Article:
with incised décor

Andaman Islands
Indian Ocean

Carved wood
Late 19th century – Early 20th century
Height: 77 ¼ in. (196 cm)

Price: on request

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This bow has an exceptional purity of forms.

It has the appearance of a two-bladed paddle, the limbs each consisting of a thin blade tapering to a point at the upper and lower ends respectively, and being merged into a thin handle in the centre. The example presented here has a rare ornamentation made of incised geometrical motifs along the surface of the bow.
The deep patina attests to the age and use of this rare bow that we can date back to the second half of the 19th century or very early 20th century.

The first European traveler who mentioned the Andamans Islands was none other than Marco Polo who described them unflatteringly as « the land of the head-choppers » in 1298 !
Bid the mid-19th century, the British seized the Andaman Islands and united them with the Nicobar islands before turning the Andaman Islands into a penal colony.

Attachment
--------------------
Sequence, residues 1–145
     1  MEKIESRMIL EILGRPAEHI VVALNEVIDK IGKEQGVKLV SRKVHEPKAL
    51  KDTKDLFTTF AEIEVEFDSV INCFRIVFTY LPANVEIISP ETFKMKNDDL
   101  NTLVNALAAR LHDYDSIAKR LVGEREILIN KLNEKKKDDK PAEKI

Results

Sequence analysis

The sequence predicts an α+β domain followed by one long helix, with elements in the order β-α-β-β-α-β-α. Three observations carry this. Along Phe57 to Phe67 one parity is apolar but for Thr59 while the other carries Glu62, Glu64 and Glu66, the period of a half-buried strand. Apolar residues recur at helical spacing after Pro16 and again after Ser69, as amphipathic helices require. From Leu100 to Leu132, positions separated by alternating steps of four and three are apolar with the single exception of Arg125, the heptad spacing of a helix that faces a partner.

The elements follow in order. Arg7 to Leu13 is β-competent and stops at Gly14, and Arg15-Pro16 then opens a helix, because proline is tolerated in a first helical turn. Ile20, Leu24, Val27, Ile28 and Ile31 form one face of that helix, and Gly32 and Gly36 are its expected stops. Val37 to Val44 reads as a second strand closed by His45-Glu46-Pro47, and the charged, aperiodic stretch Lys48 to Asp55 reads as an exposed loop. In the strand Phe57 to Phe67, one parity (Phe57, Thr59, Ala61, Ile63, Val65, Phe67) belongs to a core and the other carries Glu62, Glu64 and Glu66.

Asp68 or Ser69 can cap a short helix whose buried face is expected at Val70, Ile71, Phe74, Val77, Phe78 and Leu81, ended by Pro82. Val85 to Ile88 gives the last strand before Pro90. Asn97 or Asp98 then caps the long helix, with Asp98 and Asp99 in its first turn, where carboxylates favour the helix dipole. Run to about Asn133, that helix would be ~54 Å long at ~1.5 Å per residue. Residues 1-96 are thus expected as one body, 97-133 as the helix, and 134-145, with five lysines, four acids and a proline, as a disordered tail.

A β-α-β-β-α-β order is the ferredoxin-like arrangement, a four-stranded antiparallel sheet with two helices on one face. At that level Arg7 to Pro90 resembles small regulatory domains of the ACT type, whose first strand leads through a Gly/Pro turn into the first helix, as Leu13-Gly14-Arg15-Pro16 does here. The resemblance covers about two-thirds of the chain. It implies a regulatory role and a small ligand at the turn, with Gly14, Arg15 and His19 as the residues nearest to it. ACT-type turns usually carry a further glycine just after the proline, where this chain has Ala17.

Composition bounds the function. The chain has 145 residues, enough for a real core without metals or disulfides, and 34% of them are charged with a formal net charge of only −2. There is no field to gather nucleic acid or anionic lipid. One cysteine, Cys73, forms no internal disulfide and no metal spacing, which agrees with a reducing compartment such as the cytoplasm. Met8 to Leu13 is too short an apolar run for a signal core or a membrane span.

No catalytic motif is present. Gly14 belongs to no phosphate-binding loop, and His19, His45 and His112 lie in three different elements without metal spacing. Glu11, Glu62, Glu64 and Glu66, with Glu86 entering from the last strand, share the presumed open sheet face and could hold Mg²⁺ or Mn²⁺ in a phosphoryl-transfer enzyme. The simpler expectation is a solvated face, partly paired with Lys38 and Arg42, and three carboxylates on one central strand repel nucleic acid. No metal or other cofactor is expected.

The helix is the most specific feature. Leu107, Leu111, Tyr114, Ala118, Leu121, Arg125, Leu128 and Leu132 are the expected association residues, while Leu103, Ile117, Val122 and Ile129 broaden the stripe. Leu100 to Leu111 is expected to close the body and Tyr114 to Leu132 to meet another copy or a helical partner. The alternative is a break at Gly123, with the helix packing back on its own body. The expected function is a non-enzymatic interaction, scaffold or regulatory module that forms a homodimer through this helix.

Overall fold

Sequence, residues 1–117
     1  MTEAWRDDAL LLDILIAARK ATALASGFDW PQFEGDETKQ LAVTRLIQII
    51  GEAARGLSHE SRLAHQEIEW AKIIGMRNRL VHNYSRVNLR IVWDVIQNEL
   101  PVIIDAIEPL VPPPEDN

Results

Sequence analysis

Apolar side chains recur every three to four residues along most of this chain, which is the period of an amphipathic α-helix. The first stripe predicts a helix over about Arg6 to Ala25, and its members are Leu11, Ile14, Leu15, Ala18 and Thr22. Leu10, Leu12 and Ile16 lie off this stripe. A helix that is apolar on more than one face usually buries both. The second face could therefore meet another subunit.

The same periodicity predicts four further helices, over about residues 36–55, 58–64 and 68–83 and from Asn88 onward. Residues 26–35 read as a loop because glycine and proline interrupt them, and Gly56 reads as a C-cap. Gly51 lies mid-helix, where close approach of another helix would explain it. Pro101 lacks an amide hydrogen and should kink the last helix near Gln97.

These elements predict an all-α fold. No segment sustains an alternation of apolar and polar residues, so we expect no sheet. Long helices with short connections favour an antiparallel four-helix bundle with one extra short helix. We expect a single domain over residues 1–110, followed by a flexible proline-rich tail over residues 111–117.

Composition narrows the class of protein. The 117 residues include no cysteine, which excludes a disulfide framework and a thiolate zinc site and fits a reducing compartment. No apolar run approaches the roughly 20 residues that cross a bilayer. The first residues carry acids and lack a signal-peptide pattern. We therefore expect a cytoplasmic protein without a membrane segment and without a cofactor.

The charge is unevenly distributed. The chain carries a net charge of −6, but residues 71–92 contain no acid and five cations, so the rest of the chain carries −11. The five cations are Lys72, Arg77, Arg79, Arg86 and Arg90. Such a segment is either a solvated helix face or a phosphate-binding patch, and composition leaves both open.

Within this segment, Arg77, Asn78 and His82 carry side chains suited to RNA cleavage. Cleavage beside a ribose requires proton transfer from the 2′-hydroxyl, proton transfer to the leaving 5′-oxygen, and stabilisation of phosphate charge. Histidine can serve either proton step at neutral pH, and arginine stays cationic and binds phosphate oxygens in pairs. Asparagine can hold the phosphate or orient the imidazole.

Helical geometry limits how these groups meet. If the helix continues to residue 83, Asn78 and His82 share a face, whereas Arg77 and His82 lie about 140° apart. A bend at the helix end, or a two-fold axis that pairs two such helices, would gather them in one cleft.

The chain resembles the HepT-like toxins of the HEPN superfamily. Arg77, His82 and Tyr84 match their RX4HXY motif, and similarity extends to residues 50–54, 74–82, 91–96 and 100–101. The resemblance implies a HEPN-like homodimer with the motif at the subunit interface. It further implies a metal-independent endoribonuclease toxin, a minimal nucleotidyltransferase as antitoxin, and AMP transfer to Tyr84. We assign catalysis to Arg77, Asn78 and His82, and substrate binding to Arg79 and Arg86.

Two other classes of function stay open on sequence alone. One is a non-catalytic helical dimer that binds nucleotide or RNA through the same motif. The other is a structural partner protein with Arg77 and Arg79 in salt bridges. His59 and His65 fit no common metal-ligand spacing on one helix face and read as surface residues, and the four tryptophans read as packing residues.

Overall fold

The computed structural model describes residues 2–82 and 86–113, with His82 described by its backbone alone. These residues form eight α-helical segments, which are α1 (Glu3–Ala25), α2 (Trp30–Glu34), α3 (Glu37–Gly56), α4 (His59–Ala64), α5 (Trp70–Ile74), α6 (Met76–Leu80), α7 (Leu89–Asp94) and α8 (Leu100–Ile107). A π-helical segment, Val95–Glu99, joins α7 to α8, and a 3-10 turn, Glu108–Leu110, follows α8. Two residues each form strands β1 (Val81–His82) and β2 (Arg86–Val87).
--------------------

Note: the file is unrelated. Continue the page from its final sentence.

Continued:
Decimated by foreign diseases, and later deported to India, the native population dwindled and verged on extinction by the turn of the 20th century.
The total Andaman population was estimated to 700 inhabitants by 1950. Today, the tribe has been reduced to some 50 people, with less than 50% of them adults.
This bow constitutes a rare and touching testimony of long-gone techniques of the warriors and hunters of the Andaman Islands.
The shape of this bow is highly reminiscent of Constantin Brancusi’s « Oiseau dans l'espace » (Bird in Space) sculpture...